NFL's Plan To Reap $25B By '27 Depends On Lucrative Media Rights Deals
The NFL "hopes to achieve" $25B in revenue by '27, up from about $10B now, and if it happens, the NFL "would have more income than the gross domestic products of dozens of small countries and would be in the same financial district currently occupied" by McDonald's, Nike and Goodyear Tire, according to data cited by Brent Schrotenboer in a front-page piece for USA TODAY. Chicago-based Navigate Research said that the current $10B pie is "roughly sliced four ways," including about $5B for media rights. However, Navigate Research predicts that such media revenue "could reach" $17B by '27. That "ambitious projection assumes that live NFL games will continue to be a golden goose for networks and their advertisers." Analysts said that the road to $25B "probably requires some variation" of the following: more new and upgraded stadiums, more weeknight games, more televised content, and more new markets to enter. Moving existing teams "from weak markets into bigger, vacant markets might give team owners a better way to increase their shared revenue as opposed to adding more franchises to the 32-team league." The NFL's TV contracts "soon will be worth" around a total of $7B annually, with "most of them starting this year and lasting" through '22. NFL Media COO Brian Rolapp said of what happens after '22, "It's a new day after that. We'll just have to see. A lot of things we do digitally along the way are a great experiment for us to see what the world will look like. We will be prepared one way or the other to be able to shift to where the consumer is" (USA TODAY, 1/31).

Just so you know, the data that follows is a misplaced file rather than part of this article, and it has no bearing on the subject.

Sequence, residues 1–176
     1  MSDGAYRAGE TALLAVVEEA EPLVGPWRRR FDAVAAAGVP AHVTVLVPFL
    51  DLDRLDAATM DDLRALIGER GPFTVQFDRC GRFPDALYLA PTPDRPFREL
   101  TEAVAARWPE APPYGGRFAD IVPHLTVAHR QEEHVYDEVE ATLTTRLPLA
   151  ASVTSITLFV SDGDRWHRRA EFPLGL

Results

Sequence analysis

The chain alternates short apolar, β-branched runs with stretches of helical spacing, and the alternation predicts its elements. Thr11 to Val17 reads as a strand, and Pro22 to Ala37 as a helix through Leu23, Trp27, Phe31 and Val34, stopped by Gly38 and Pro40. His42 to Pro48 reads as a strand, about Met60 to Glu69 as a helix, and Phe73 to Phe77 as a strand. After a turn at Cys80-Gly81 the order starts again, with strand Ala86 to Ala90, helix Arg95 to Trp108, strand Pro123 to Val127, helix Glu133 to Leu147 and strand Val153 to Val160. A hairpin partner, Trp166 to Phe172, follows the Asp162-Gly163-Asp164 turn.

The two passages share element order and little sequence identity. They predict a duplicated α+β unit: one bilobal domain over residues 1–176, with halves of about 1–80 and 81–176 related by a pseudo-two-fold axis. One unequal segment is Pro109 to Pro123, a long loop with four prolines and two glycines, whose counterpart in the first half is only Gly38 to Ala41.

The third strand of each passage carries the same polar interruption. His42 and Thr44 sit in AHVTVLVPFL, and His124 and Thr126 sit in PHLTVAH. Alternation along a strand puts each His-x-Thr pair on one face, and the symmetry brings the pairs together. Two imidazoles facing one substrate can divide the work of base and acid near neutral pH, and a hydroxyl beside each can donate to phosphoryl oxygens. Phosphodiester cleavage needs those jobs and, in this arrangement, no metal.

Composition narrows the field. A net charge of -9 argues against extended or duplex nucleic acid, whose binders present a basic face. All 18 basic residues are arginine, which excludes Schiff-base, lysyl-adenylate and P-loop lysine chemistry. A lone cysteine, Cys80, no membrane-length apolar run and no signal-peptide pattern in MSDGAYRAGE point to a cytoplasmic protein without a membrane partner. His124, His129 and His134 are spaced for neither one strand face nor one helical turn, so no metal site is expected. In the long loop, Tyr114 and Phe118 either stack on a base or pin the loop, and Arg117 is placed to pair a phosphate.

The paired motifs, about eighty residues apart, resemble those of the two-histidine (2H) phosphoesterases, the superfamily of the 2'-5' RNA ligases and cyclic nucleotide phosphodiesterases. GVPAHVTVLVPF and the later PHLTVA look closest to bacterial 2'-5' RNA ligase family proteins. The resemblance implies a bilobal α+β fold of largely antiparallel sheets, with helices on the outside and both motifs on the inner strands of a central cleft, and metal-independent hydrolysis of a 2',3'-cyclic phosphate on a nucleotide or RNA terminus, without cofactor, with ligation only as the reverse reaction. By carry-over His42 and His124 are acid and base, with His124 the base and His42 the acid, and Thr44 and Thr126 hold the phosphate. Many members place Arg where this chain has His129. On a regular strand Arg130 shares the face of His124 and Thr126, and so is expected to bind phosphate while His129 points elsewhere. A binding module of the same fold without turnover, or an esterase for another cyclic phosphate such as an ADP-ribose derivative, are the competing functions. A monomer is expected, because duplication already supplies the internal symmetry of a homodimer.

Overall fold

A TAXING ISSUE: A DENVER POST editorial notes U.S. Sen. Tom Coburn (R-Okla.) is "pushing a bill to strip professional sports organizations" of their tax-exempt status, "calling it a loophole" that amounts to about $10M in lost revenue annually and up to $109M over 10 years. The editorial: "We think Coburn's bill makes sense -- not because tax-exempt status is preposterous on its face but because of the NFL's bloated front-office salaries." The NFL represents 32 teams, which "make billions of dollars on ticket sales, TV contracts, etc." That money "is taxable," but the league office that is not-for-profit "earns its money not from lucrative TV deals but through its membership dues -- which accounted for just over a quarter of a billion dollars in revenue" in '12. That money "pays for league office salaries, rent and officiating." The "hitch in the NFL's defense of this structure is those salaries," as compensation for "eight top executives alone totaled" $57M in '12. Those "sky-high salaries legitimize Coburn's reform effort" (DENVER POST, 1/31).